If you have been paying attention over the last several years it is clear that American government and media has a word avoidance problem. The word avoidance problem exists especially in regards to white violence against black bodies. The avoidance of the phrase domestic terrorism impedes course-correcting action by America as a nation.
The American government and mainstream media shy away from the use of the phrase domestic terrorism. They avoid the phrase even when it clearly applies to acts of violence targeted towards people of color. The avoidance of the phrase and the lack of subsequent acknowledgment of the truth is appalling. It is especially appalling because the acts blatantly fit the government’s definition.
The definition of domestic terrorism by the FBI of goes as follows:
Phrase Avoidance & Its Impact:
Domestic terrorism isn’t new. It is for this very reason that the media and American government finally needs to call it what it is. Avoidance of the term domestic terrorism, when applied to the continuous acts of violence on black and brown bodies by white people, has the following effects:
- By avoiding the term, mainstream media, its consumers, and the government avoid negatively connoting the actions of the perpetrators. In doing so they avoid holding them accountable for their actions. This enables perpetrators to continue getting away with heinous acts while fortifying the belief that their acts are not problematic.
- The avoidance of labeling and connoting these acts negatively have several impacts on the psyche of the victims, black Americans, and further damage a psyche that some argue already struggles from the long-lasting impacts of slavery.
- Avoidance sustains a culture where the victim is perpetually falsely blamed leading to more acts of prejudice against them.
These reasons are certainly not all-encompassing. There are a number of outcomes and effects by America’s inability to recognize and therefore remedy its domestic terrorism problem. Word choice and word avoidance, albeit a small part of the much bigger scheme of things, shouldn’t be brushed off as minor. They should be focused on because the words we choose to address a situation helps determine the course of action.
One need look no further than the coded language used in political discussions that precede gentrification processes to know that coded language and word avoidance is just as crucial to enabling actions as the attitudes of their users. Word choice and word avoidance is a key indicator of biases of a user.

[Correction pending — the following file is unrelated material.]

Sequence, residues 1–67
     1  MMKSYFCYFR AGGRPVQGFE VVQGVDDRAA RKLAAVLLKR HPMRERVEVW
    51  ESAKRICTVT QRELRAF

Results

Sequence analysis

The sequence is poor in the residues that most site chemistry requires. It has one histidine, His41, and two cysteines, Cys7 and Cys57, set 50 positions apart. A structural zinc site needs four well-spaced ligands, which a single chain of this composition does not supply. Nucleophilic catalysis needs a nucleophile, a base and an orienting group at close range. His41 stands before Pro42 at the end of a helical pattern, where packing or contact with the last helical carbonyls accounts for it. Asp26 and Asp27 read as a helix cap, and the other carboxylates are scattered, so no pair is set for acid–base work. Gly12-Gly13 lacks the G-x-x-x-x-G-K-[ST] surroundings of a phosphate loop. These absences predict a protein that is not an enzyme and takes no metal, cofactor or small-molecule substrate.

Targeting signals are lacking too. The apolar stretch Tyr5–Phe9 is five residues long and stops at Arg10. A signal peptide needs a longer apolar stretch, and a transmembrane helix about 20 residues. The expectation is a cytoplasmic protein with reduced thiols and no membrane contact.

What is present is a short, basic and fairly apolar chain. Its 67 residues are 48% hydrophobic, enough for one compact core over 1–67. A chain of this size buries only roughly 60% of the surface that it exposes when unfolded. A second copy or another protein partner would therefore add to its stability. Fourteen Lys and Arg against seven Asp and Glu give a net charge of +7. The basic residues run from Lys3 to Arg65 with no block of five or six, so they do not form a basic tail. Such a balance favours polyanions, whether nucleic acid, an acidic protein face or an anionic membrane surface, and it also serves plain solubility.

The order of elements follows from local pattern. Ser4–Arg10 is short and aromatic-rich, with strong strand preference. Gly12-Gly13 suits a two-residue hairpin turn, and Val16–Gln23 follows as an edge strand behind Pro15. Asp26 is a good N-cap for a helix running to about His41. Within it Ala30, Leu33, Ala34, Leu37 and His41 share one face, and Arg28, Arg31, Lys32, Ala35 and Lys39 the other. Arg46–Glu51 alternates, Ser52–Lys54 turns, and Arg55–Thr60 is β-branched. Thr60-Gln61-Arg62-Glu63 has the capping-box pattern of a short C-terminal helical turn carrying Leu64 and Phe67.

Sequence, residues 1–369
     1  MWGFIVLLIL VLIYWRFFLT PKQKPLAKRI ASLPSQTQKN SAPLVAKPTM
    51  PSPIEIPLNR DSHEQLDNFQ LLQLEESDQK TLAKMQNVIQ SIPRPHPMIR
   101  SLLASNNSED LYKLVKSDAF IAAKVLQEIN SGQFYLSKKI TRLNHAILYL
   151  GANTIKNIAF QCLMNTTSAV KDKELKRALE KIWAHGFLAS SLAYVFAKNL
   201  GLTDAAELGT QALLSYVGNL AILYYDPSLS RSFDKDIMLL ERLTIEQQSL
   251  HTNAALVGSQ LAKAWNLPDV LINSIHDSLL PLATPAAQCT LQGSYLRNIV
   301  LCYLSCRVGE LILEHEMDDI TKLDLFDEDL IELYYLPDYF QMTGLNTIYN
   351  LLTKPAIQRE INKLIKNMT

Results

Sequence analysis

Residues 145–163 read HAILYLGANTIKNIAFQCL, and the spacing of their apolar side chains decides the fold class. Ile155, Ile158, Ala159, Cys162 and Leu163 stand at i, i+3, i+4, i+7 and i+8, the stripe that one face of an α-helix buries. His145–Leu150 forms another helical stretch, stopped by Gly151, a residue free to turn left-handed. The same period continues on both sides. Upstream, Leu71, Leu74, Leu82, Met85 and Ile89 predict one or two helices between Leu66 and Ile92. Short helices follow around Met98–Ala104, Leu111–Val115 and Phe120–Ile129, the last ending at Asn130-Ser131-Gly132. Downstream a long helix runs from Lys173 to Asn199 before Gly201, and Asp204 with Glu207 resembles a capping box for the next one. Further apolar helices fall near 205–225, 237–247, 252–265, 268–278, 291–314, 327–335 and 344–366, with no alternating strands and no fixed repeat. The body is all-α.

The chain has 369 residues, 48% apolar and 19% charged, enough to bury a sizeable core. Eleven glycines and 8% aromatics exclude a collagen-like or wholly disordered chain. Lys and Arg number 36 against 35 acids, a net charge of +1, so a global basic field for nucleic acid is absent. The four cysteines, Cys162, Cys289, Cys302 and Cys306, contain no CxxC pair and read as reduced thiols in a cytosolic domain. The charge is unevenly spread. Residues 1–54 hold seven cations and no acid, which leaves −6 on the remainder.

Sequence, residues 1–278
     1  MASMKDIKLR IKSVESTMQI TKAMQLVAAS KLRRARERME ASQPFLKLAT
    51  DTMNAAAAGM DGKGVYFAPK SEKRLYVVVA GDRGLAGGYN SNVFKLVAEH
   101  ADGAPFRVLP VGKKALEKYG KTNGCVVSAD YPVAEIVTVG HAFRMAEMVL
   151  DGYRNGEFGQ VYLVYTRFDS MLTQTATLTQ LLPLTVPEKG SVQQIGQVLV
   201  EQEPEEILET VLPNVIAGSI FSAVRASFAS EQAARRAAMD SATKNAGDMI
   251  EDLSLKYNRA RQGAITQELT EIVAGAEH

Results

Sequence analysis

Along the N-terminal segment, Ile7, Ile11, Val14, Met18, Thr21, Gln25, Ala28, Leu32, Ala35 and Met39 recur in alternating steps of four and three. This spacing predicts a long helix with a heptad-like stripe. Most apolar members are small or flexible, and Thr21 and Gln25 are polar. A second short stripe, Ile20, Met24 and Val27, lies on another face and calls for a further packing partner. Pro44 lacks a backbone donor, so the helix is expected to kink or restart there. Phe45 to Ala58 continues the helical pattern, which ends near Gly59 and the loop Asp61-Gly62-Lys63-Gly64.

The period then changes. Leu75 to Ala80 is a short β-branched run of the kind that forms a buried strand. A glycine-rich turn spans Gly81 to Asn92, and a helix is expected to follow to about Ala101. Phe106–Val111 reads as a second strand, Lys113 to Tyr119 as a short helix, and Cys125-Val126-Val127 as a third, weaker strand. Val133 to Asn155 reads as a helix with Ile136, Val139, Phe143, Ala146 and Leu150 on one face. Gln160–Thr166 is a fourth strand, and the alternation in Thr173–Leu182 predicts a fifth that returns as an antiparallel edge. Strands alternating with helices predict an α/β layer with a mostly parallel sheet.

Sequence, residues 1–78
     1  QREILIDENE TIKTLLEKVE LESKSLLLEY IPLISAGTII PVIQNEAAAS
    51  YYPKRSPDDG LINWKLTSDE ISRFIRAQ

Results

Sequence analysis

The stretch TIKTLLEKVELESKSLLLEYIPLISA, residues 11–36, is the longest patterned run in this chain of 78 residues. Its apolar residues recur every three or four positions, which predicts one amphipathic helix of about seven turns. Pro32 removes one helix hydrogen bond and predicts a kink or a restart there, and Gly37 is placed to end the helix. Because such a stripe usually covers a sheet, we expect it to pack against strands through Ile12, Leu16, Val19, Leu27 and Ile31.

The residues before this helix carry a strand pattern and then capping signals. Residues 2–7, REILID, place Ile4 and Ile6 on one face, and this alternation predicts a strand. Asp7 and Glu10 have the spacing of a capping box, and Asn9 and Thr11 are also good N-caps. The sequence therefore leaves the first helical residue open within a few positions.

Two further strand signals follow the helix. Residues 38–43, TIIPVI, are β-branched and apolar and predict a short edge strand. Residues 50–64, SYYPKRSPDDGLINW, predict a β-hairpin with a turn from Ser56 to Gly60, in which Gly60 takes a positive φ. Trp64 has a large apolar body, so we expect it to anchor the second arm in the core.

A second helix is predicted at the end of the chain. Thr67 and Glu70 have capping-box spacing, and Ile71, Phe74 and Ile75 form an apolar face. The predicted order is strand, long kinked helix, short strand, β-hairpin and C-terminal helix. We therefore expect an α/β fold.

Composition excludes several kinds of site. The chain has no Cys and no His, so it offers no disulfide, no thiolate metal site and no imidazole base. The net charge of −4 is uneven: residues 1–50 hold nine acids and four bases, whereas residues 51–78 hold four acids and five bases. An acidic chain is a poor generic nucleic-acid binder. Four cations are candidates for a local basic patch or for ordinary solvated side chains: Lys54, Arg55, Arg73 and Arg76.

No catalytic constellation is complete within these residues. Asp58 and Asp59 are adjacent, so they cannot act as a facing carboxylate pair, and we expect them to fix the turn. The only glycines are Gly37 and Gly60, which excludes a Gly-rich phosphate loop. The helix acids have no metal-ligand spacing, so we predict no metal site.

While people of color are often victims of American domestic terrorism it is important to note the growing trend of domestic terrorism in schools, workplaces, and public spaces that happen to non-people of color. School shootings, for example, are quickly becoming a staple on the nightly news. A new school or city appears as a trending hashtag every week or so. Yet the use of the term lone wolves or any variance of a phrase does not imply culpability by the perpetrators.
The language around school shooting perpetrators is changing rapidly. As citizens, we must keep track of the language surrounding mass acts of violence against people of color. We should do this to ensure that we are not erased from discussions of domestic terrorism. We must also hold those who can shape national conversations and policy on the topic responsible for their avoidance of the term and the subsequent lack of action around it as a result.
Changing the Conversation on Domestic Terrorism:
If you’re reading this piece right now you can play a small part in changing the dialogue. It can be signing up to vote in midterm elections this November. Choose candidates that use correct terms and that mirror your views on important topics.
Your action can be as simple as a hashtag, #domesticterrorismUSA or any variation of that. It can be choosing to use the words in any or all discussions where the term has been avoided although it is clear that it applies. By using the words we can effectively start having the discussions of the real root of the problem and start remedying the issue.
While we are not necessarily the cause of the problem and some may argue that it is not our problem to fix, we are the ones affected by it the most. If we are not insisting on honest discussions through correct word choices then we are doing future generations and ourselves a disservice.
The time has long passed for waiting for the American government and it’s mainstream media to lead the conversation on domestic terrorism. If we know anything about black twitter or the power of the Internet it is that it can transcend media and set trends. Think #blacknavy hashtag in 2017 or the more recent rise in popularity of Capriccio Sangria.
We can wait, perhaps an eternity, for American media and government to correctly label domestic terrorism by white perpetrators correctly, or we can take the reigns. The time has long passed for passivity in regards to the continuous murder of people of color and the language surrounding it. It is time for a change!